Metro Weekly

53 LGBTQ Candidates Were on The Ballot Tuesday. Here’s How They Fared.

Several LGBTQ candidates either won outright or earned berths in runoff elections following the "Super Tuesday" primaries.

Photo: ra2studio via 123rf

Several LGBTQ candidates were successful in yesterday’s “Super Tuesday” primaries, with some winning their party’s nomination and others moving on to runoff elections.

Candidates appeared on the ballot in six different states: Texas, California, Arkansas, Tennessee, Vermont, and North Carolina, with several candidates poised to become historic “firsts” should they emerge victorious in general elections later this year. 

In Texas, Molly Cook, running in the Houston-based 15th State Senate District, placed second, with 21% of the vote.

Because none of the Democratic candidates in the primary reached the 50% plus one vote threshold needed to win the primary, Cook will face off against State Rep. Jarvis Johnson in a runoff election on May 28.

In the Texas House of Representatives, Mo Jenkins emerged as the Democratic Party’s candidate for House District 139 in the Houston area. If victorious in November, she could become the first out transgender person elected to any office in Texas state history.

Meanwhile, in District 146, progressive candidate Lauren Ashley Simmons finished first, ahead of State. Rep. Shawn Thierry (D-Houston), who voted for a bill to block transgender youth from receiving gender-affirming health treatments

It remains unclear whether Simmons will reach the 50% plus one vote threshold to avoid a runoff election.

“Our race is still too close to call,” Simmons tweeted. “With votes still being counted, we have 49.53% of the vote! This is great news: We either win outright or we lead going into a runoff. We will keep you posted. Thank you for the amazing support!”

In other races, incumbent State Reps. Venton Jones (D-Dallas), Jolanda Jones (D-Houston), and Josey Garcia (D-San Antonio) won their respective primaries, earning a berth in November’s general election. However, at the same time, incumbent Harris County District Attorney Kim Ogg lost her primary race.

In a race for the U.S. Congress, State Rep. Julie Johnson (D-Dallas) received more than the required number of votes needed to avoid a runoff for the state’s 32nd Congressional District seat. The seat is being vacated by U.S. Rep. Colin Allred, who won the primary for the Democratic nomination to take on Republican  Sen. Ted Cruz for one of the state’s two U.S. Senate seats.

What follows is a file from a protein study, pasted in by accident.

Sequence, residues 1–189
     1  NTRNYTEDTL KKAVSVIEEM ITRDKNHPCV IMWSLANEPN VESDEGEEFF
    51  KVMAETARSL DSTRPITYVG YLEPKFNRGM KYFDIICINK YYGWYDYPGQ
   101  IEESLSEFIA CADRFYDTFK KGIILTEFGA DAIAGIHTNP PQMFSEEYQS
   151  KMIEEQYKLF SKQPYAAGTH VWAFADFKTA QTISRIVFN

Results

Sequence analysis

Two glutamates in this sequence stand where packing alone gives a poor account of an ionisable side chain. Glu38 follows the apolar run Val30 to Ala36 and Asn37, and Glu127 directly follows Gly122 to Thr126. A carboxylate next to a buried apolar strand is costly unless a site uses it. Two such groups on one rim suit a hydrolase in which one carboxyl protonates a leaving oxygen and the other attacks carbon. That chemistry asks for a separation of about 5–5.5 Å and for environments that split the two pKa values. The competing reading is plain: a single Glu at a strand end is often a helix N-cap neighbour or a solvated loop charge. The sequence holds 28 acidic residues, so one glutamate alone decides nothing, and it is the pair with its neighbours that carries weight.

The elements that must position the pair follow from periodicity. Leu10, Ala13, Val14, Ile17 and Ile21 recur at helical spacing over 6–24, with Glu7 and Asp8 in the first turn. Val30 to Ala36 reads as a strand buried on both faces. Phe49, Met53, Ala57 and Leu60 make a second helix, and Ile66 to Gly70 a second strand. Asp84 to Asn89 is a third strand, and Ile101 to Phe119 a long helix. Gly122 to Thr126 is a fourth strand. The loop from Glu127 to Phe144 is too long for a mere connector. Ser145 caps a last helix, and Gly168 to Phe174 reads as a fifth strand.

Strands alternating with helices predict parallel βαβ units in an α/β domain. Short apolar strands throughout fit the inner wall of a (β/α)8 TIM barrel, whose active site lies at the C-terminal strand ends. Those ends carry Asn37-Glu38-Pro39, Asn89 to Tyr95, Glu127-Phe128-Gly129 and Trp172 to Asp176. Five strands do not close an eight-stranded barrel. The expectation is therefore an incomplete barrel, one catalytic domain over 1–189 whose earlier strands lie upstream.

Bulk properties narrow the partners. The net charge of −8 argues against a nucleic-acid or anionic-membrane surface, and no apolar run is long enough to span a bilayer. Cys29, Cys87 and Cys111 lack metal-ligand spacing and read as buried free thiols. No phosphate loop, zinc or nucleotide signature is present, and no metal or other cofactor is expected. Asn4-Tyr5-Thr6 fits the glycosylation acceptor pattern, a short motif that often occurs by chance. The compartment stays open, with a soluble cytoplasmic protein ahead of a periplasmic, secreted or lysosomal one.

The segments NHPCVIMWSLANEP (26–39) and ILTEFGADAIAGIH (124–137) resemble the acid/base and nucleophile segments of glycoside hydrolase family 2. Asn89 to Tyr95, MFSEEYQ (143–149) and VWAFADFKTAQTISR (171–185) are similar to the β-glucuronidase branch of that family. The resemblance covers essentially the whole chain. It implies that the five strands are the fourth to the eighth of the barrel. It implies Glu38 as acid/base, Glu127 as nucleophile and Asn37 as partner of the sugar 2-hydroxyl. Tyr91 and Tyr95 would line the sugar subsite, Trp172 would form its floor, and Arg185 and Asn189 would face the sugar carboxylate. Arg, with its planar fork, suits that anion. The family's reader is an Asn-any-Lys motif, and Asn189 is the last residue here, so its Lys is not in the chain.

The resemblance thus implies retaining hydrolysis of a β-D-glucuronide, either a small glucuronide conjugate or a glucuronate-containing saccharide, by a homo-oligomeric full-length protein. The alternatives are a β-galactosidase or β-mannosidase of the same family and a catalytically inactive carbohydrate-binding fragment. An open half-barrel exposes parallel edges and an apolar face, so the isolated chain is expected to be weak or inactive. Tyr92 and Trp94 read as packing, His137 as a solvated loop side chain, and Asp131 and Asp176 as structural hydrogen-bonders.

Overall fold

In California, Steve Hansen, an attorney and LGBTQ advocate, appears to have garnered one of two spots for the runoff election for the mayoralty of Sacramento.

In Los Angeles, Ethan Weaver placed second for the District 4 City Council race, earning a berth in the November runoff election. If elected, Weaver would restore LGBTQ representation on the Council, which has been without a single LGBTQ member since former Councilmember Mitch O’Farrell lost his re-election bid two years ago.

In California’s Coachelle Valley, Palm Springs City Councilmember Lisa Middleton emerged as the Democratic Party’s nominee in the 19th State Senate District race, while fellow Palm Springs Councilmember Christy Holstege emerged as the party’s nominee in Assembly District 47.

Both will face Republican challengers in the “top-two” general election, with Middleton potentially becoming the state’s first transgender legislator and Holstege its first bisexual legislator.

In the race for the 41st Congressional District, Will Rollins, an out gay man who was the 2022 Democratic nominee against Republican U.S. Rep. Ken Calvert, also advanced to the general election.

However, gay Assemblymember Evan Low (D-Cupertino) failed to place in the top two in the state’s 16th Congressional District race for a Silicon Valley-area seat.

In North Carolina, Durham County Attorney Satana Deberry fell short in her primary for Attorney General against Democratic U.S. Rep. Jeff Jackson, who ran after his congressional district was heavily gerrymandered in favor of Republicans.

But all three of the state’s out lesbian members of the legislature — State Reps. Allison Dahle and Vernetta Alston, and State Sen. Lisa Grafstein — won their respective primaries, as did gay Forsyth District Court Judge Whit Davis. 

In Arkansas, lesbian State Rep. Tippi McCullough (D-Little Rock) was renominated for re-election. In Tennessee, gay candidate Matthew Park won the Democratic primary for the Knox County Commission District 9 seat, while gay candidate Zach Young won his primary for the District 3 seat on the Metro Nashville School Board.

In Vermont, progressive State Rep. Emma Mulvaney-Stanak won the general election for the Burlington mayor’s race, becoming the first woman and first LGBTQ person to lead the city, according to VT Digger.

Meanwhile, the city of Winooski, Vermont, elected two LGBTQ candidates to office: incumbent City Councilmember Bryn Oakleaf, who is queer, and Charles Judge, a transgender man running for an open seat. They join out gay Councilmembers Thomas Renner, and Aurora Hurd, who is bisexual, nonbinary, and transgender, on the council. Of the city’s five representatives, only Mayor Kristine Lott does not identify as LGBTQ.

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